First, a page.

New renderings of Airport Metro Connector station and new report on Crenshaw/LAX Line and Green Line operating plan

See below for more information on the proposed operating plan for the Crenshaw/LAX and Green Lines after the Crenshaw/LAX Line opens.

Renderings by Grimshaw Architects for Metro.

Design of the new Airport Metro Connector station is about 60 percent complete and a new batch of renderings have been released by agency staff. The station will be built at Aviation and 96th Street.

This is the station where Crenshaw/LAX and Green Line riders will be able to transfer to the Automatic People Mover being built by LAX. The Airport Metro Connector station will also feature bus bays for local buses, as well as a pickup/dropoff area. Long story short: it means not having to drive into the very congested airport horseshoe.

On Metro’s side of things, the plan is to complete the Crenshaw/LAX Line and get that in service — and then begin the work in earnest on the Airport Metro Connector station. Major construction on the station is forecast to start in 2020 with the station opening in 2023, the same year the airport is saying the people mover will be complete. Here’s a new staff report on the Airport Metro Connector.

Below is a video by LAX that shows how the people mover will serve the airport terminals and other destinations:

As for how the Crenshaw/LAX and Green Lines, an operating plan for the two lines is going to the Metro Board of Directors this month for their approval. As part of the Crenshaw project, the tracks were joined with the Green Line tracks, meaning trains can switch between the two lines. Thus the need for a new operating plan.

Under the new plan, trains would run between Norwalk Station and the new Expo/Crenshaw Station on the Crenshaw/LAX Line. Another set of trains would run between Redondo Station and Aviation/Century Station — and later the Airport Metro Connector Station after that opens. Transfers between the two lines will eventually take place at Aviation/Century or the Airport Metro Connector stations.

(pdf here)

14 replies

  1. Steve,

    The 6th rendering from the top: The arrows on the sign imply that the Metro Green/Crenshaw lines will be “upstairs” above ground level.

    The 10th rendering from the top seems more like it will be!

  2. I accept C-1 for now as the South Bay Line will finally get from Redondo Beach to Torrance and hopefully on to Long Beach some day on the south end. C-1 should also allow the South Bay Line to extend north to Westchester, Playa Del Rey and maybe on to Santa Monica some day. The LAX Transit station at 96th then becomes the perfect transfer station for all 4 directions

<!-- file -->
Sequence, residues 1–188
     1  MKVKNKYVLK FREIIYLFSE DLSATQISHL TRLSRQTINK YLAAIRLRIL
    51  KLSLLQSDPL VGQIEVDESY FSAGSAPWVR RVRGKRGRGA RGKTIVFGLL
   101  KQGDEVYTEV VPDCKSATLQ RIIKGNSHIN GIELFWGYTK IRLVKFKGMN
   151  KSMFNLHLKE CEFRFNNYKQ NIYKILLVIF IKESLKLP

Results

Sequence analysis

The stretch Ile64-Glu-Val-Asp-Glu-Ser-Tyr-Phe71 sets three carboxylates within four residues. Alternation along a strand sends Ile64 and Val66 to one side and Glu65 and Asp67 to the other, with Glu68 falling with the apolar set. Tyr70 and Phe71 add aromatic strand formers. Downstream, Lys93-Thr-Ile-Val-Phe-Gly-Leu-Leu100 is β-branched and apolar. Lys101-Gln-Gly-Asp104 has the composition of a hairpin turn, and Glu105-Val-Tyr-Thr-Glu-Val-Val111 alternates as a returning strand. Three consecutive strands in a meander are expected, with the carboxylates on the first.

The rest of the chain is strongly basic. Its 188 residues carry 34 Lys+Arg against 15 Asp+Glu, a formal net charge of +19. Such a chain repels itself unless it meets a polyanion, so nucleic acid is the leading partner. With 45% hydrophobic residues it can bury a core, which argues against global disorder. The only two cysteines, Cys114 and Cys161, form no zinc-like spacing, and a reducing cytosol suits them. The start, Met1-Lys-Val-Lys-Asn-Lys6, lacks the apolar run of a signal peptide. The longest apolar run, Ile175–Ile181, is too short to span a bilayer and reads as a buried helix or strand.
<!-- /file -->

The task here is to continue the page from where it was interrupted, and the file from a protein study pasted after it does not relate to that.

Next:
3. May as well kill the “El Segundo” line until it reaches Torrance. Its basically a frost bitten appendage.

    The area around Mariposa Station has seen some growth, but not enough to generate riders.

    El Segundo station is a Cold War museum.

    Nash Station is Baby Irvine with no residences.

    Redondo Beach station is another Cold War museum with a car dealership in the perfect position for riders to be reminded of how slow the crawl is into the station.

    Laugh-out-loud

  4. I don’t know about the Bike Hub.
    Everyone rides their bicycle to the airport, right?

    Is the Aviation/Century Station going to remain open after the Airport Metro Connector station opens?

  5. Looks great. Can’t wait to see it. Maybe the Redondo spur could get a few trains of direct rush hour service since most of the El Segundo crowd seems like 9-5ers?

  6. The new Green Line will go from Redondo to Aviation/Century. So it can’t go all the way to Crenshaw? Technically, how does this work? When going north, the train will cross over from the right side to the left side right before Aviation/Century. When leaving Aviation/Century station, the train will have to reverse to back out of the station. Trains will likely have to wait at both sides if the Green Line train is stuck for some reason. This is awfully congested. I suggest they should have trains from Norwalk and Redondo complete their routes to Crenshaw. In rush hour, just have more trains going from Crenshaw to Norwalk. I will miss a complete route from Norwalk to Redondo since I will need to exit off of El Segundo Blvd. Transferring at Aviation/Century will add at least 10 minutes to the journey.

    • You missed a detail. There will be a pocket track much like the one at Sierra Madre Villa where shortliners will make the turn around on this track, off the mainline. Unless an error occurs, there will be no delays as the train will not need to back out of the station.

  7. Hi Steve,

    One operational plan I haven’t seen discussed, neither here nor in previous presentations, is very similar to the recommended alternative C1, but with the LAX–Redondo segment making an additional stop at Aviation/Imperial (or whatever that station will be called after the LAX name is dropped). I realize that adding this stop would add complexity because of the train having to reverse direction, and also some cost because of the extra dwell time, but it would address the main shortcoming of C1, namely the 7-minute transfer penalty between Redondo and Norwalk due to the need to trek all the way to Century and back to make the transfer.

    Do you know why C1 plus a stop at Aviation/Imperial was not considered a viable option?

  8. Would it be possible to create a new line between Willowbrook and Redondo Beach for peak hours only? It would be nice to put those pocket tracks on the Green Line to major use.